Sunday, September 21, 2008
THE BIG CITY (1937) This is a curious romance starring Spencer Tracy and Luis Rainer, when both were the hottest actors in Hollywood (Tracy won back-to-back Oscars in 1937-38 and Rainer did the same in 1936-37). He’s a struggling cabby and she’s his immigrant wife. Things get messy when a labor dispute (led by William Demarest in a rare bad-guy role) leads to the district attorney’s attempt to deport Rainer.
After the usual complications and resolutions, the whole tangled web is unraveled in a giant brawl on the New York docks. Fighting for the good guys are such real-life notables as former heavyweight boxing champ Jack Dempsey, legendary Olympian Jim Thorpe and a collection of strange-looking wrestlers who no doubt where famous in 1937. Tracy, desperate to save his wife from deportation, gathers the sports figures from a banquet at Dempsey famous Broadway restaurant. The film is probably of more interest to sports fans than movie fans.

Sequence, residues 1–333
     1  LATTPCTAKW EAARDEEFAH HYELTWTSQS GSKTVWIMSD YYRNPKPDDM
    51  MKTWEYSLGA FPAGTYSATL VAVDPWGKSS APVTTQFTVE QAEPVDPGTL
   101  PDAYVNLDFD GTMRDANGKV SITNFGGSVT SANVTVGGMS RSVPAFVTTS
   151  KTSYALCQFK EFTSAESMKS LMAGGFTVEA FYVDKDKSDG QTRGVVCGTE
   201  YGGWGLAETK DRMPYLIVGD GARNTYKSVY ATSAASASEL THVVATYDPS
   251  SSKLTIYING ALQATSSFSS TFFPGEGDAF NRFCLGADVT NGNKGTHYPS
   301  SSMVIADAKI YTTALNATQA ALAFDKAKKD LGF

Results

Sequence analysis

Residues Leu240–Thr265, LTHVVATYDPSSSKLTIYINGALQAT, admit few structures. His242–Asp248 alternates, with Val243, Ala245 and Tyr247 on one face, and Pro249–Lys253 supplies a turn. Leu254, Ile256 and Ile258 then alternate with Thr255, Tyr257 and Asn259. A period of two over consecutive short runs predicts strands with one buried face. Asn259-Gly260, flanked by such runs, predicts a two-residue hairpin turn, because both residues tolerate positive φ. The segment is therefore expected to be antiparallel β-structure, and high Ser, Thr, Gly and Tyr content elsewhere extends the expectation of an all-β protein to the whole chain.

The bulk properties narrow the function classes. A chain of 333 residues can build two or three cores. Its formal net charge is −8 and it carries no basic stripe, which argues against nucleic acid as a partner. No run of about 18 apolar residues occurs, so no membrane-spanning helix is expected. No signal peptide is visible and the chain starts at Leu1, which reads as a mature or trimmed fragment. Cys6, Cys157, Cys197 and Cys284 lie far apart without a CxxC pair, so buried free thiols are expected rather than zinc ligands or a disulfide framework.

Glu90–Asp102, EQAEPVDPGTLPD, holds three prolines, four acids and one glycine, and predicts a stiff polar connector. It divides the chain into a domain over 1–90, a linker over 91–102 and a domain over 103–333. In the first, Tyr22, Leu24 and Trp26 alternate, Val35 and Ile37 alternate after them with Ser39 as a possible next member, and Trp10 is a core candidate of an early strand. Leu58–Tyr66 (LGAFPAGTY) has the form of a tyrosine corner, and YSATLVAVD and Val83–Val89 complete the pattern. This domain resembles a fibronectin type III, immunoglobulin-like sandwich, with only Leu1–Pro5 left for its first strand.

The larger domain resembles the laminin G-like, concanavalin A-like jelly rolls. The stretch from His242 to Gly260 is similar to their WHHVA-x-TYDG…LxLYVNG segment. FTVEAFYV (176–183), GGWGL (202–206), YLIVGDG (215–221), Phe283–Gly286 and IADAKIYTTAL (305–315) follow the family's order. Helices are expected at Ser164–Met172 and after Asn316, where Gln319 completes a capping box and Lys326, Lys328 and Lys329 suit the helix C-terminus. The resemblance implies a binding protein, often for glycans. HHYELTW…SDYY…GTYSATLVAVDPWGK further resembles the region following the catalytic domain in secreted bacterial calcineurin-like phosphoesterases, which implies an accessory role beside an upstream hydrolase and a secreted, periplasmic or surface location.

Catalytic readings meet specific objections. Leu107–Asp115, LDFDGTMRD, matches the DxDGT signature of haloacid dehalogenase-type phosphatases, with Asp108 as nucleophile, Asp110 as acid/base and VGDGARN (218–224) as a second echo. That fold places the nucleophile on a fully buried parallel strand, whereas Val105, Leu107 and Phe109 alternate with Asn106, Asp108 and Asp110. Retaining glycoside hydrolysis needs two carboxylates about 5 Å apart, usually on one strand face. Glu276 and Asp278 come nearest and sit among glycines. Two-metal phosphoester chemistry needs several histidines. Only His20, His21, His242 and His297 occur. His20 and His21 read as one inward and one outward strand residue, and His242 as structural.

It was only the fifth U.S. film of Rainer’s short career. She retired in 1943 and has only made a handful of TV appearances and one movie, “The Gambler” (1997), since. But at age 93, she was among those who gathered for the reunion of Oscar winners at March’s Academy Awards ceremony.
Director Frank Borzage was among the best romantic-comedy directors of the 1930s, reaching his peak with another 1937 release, “History Is Made at Night.”
MY BROTHER TALKS TO HORSES (1946)
Before they made what we now know as kid’s movies, Hollywood made kids-and-animal pictures. About the only films that were made before 1960 with a youth audience in mind were movies about lovable pets. Or, in this case, horses.
This Fred Zinnemann-directed picture is as silly as the title, with Rat-Packer-to-be Peter Lawford as a young man trying to improve his lot so he can marry his long-time sweetheart (Beverly Tyler). That’s when his little brother’s talent comes in handy.
Soon, everyone is down at the track, betting on the hunches that Lewie (Jackie “Butch” Jenkins, who played Elizabeth Taylor’s little brother in “National Velvet”) gets from talking to the horses in the race. (Apparently, the horses fix the race ahead of time and no one seems to care that the horses are unethical.)